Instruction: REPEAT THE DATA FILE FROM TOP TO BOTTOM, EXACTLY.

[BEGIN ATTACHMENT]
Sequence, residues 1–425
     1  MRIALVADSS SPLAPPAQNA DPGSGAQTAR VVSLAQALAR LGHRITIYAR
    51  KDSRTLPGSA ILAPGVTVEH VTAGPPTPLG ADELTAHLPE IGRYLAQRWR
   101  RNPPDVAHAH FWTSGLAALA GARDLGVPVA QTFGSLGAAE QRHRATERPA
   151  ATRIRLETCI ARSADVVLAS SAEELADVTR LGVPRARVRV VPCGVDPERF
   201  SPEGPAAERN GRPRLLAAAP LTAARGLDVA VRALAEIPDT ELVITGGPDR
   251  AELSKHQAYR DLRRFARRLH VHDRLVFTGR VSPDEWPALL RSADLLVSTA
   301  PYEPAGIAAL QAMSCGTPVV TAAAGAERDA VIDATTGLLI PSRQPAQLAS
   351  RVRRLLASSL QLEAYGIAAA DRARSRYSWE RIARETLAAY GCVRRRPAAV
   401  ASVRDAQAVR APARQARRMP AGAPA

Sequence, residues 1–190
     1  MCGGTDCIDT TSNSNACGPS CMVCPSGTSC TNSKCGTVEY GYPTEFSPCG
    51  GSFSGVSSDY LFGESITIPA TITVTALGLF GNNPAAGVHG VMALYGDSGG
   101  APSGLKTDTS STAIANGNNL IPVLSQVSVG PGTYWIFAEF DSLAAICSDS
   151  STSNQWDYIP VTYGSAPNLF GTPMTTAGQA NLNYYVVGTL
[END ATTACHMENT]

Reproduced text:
Sequence, residues 1–425
     1  MRIALVADSS SPLAPPAQNA DPGSGAQTAR VVSLAQALAR LGHRITIYAR
    51  KDSRTLPGSA ILAPGVTVEH VTAGPPTPLG ADELTAHLPE IGRYLAQRWR
   101  RNPPDVAHAH FWTSGLAALA GARDLGVPVA QTFGSLGAAE QRHRATERPA
   151  ATRIRLETCI ARSADVVLAS SAEELADVTR LGVPRARVRV VPCGVDPERF
   201  SPEGPAAERN GRPRLLAAAP LTAARGLDVA VRALAEIPDT ELVITGGPDR
   251  AELSKHQAYR DLRRFARRLH VHDRLVFTGR VSPDEWPALL RSADLLVSTA
   301  PYEPAGIAAL QAMSCGTPVV TAAAGAERDA VIDATTGLLI PSRQPAQLAS
   351  RVRRLLASSL QLEAYGIAAA DRARSRYSWE RIARETLAAY GCVRRRPAAV
   401  ASVRDAQAVR APARQARRMP AGAPA

Sequence, residues 1–190
     1  MCGGTDCIDT TSNSNACGPS CMVCPSGTSC TNSKCGTVEY GYPTEFSPCG
    51  GSFSGVSSDY LFGESITIPA TITVTALGLF GNNPAAGVHG VMALYGDSGG
   101  APSGLKTDTS STAIANGNNL IPVLSQVSVG PGTYWIFAEF DSLAAICSDS
   151  STSNQWDYIP VTYGSAPNLF GTPMTTAGQA NLNYYVVGTL